Matching another person who is behaving in an unhealthy manner doesn’t mean that you behave likewise. That would lead to both parties dropping to the level of conflict and would only confound the situation.
Matching in this case would be in terms of their thinking process. When we ask ourselves what kind of beliefs or values have to be true for the other person to be behaving as they are.
One very effective way of doing this is by matching the kind of language patterns people use.
Our language patterns, the use of certain words, the way we use them and say them (our voice) are all behaviours that are influenced by our internal representations.
Our Emotions – our internal state, feelings and values; and our Thinking – the beliefs we hold, internal process and the nature of our internal dialogue. Concomitantly, our emotions and thoughts are influenced by our actions.
T.E.A shows how our Thoughts, Emotions and Actions feedback on each other. In NLP circles this is also known as the Mercedes model, for it’s obvious likeness to the German car symbol. The model demonstrates the link to The Enneagram triadic centres of Instinctual, Heart and Thinking centres.
You could think of it as a jelly in the shape of a three sided pyramid, with each face representing the aspects of Thinking, Emotions and Actions. Any disturbance to one of the three sides would reverberate around to the other two.
Paying particular attention to kind of words and patterns of language a person uses, offers
valuable clues to how that person is thinking at that time. This is information that will help you to match your language to their preferred thinking style.
Meta-Programmes and their source
The thinking patterns that influence our language and behaviour are known as Meta-programmes.
Meta-programmes emerged as part of NLP in the late 1970s as result of research by Leslie Cameron Bandler (together with David Gordon, Robert Dilts and Meribeth Meyers-Anderson)
As the name implies “meta” programs are about the programmes which guide and direct other thought processes. They define common or typical patterns in the strategies or thinking styles of a particular individual.(or group or culture) They are as much about how we perceive and filter our experience of the world, as opposed to the reality.
Noam Chomsky 1957 Phd dissertation on Transformational Grammar focused on how people modify the information they have gathered, in order to communicate the information to others. By the time the experience has been distorted, generalised and deleted, we only pass olong 1% to 2% of the experience.
Rodger Bailey, the developer of LAB Profile, applied the concepts that underlie Transformational Grammar , in that it reveals how a person transforms their experience, and applied it to metaprograms to uncover what it means that a person transform their experience.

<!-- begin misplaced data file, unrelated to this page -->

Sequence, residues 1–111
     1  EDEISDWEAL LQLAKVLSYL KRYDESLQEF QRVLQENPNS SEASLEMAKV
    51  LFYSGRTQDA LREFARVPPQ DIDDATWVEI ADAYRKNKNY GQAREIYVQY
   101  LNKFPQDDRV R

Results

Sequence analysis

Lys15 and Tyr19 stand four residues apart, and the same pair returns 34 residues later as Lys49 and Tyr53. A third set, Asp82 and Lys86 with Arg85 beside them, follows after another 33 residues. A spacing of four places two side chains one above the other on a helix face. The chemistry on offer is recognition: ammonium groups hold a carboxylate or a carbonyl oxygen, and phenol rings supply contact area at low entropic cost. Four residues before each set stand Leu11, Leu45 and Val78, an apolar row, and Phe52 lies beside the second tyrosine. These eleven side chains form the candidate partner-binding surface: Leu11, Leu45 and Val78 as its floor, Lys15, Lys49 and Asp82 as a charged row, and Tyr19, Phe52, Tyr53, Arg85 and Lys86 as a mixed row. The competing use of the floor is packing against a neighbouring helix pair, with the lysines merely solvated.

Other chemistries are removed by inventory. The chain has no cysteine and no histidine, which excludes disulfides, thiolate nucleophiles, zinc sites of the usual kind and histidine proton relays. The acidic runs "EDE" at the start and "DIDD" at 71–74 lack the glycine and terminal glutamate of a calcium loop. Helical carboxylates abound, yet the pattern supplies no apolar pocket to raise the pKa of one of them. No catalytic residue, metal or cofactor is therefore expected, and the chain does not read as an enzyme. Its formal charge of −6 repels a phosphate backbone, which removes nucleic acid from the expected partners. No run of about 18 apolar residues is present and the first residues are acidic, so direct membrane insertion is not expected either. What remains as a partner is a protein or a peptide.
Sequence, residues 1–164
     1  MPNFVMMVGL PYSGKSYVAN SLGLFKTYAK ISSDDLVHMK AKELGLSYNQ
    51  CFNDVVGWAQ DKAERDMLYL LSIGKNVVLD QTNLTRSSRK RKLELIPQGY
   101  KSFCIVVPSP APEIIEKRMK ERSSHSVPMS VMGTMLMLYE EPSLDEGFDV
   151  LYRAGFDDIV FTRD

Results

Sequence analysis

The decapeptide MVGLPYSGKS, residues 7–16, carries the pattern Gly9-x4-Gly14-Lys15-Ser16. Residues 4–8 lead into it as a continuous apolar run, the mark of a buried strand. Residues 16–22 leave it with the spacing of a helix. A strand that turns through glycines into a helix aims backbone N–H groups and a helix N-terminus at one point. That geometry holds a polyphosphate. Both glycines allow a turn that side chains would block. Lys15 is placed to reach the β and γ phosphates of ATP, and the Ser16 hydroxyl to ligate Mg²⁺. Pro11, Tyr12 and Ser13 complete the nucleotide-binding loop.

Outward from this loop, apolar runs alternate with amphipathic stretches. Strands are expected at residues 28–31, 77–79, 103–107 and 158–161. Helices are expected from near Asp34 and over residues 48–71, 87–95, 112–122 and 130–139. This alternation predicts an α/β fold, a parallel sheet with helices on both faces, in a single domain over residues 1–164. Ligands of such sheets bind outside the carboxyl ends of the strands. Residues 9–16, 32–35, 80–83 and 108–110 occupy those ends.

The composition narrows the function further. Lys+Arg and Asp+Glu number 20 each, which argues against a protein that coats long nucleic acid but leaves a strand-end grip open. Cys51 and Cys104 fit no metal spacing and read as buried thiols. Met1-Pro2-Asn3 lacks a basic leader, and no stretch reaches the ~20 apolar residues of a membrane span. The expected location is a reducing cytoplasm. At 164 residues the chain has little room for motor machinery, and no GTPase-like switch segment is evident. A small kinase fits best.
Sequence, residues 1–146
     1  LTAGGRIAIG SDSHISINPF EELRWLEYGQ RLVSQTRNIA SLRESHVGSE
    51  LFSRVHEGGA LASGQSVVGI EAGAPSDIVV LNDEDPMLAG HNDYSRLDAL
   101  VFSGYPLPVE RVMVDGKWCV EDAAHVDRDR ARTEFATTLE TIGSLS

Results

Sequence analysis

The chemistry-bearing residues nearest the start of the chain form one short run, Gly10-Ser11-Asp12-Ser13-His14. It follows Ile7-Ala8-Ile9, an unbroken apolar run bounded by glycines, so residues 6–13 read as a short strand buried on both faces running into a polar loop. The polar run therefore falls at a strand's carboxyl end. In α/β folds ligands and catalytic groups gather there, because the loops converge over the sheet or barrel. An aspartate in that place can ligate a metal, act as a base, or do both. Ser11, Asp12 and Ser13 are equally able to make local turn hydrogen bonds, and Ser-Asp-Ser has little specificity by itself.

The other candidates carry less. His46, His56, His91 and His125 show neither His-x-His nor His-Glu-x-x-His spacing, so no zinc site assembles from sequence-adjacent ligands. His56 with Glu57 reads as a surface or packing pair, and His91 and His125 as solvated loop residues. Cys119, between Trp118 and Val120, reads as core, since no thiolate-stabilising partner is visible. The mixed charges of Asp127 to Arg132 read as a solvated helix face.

What we have discovered is that when a person uses particular syntax violations (in a given context), that person has some behaviour patterns (in that context) that are similar to the behaviours of other people who use that same syntax.
As an example, when asked, one person might describe a particular room in terms of it’s exact dimensions, the different colours on the each wall and the exact location; a very “specific” description, whilst someone else, when asked to describe the same room, may just say “it’s large and airy” something of a “general” description.
The behaviour associated with a specific orientate person would be to attend closely to the details of a situation. They are more likely to use ten word when two or three would do.
They may well seek clarification of a particular instruction before carrying out the job. And then pay great attention to minute aspects of the job, thereby taking longer to complete the work.
A General orientated person would only need to know the overall outcome to be achieved and would avoid getting bogged down in the details. There behaviour might be to act on the big picture and would offer information that was fairly ‘loose’ in nature – giving a fairly non-specific or even uncommitted response to questioning.
Of course this person may still take the same time and create the same work, although there may be some loose ends left un-resolved.
Meta-programs are mostly linear, so a person may be extremely or mildly “specific” or extremely or mildly General. They may also be both – somewhere in the middle. Furthermore, the context of a meta-program will vary.
LAB Profile studies reveal that people can be General in the context of receiving instructions, but then detailed when carrying out the work.
The idea that LAB patterns are context specific, would suggests there would be no link to personality types. Indeed, LAB Profile trainers are discouraged from suggesting that they reveal any aspect of personality type; and yet, certain LAB patterns of one type or another, are very associated to certain Enneagram types.
The most obvious example is that of Options v.s. Procedure. These two patterns lay at the polarity of what LAB Profile refers to as the “Reason” motivational trait.
The definition being “How does a person approach daily work? (note the context here is work) Is there a continual quest for others ways to do it, or is there a preference to follow established procedures?” (from Words That Change Minds hand book)
Coming Next #3 Curious Connections; the more obvious connections to Enneagram personality types.SHARE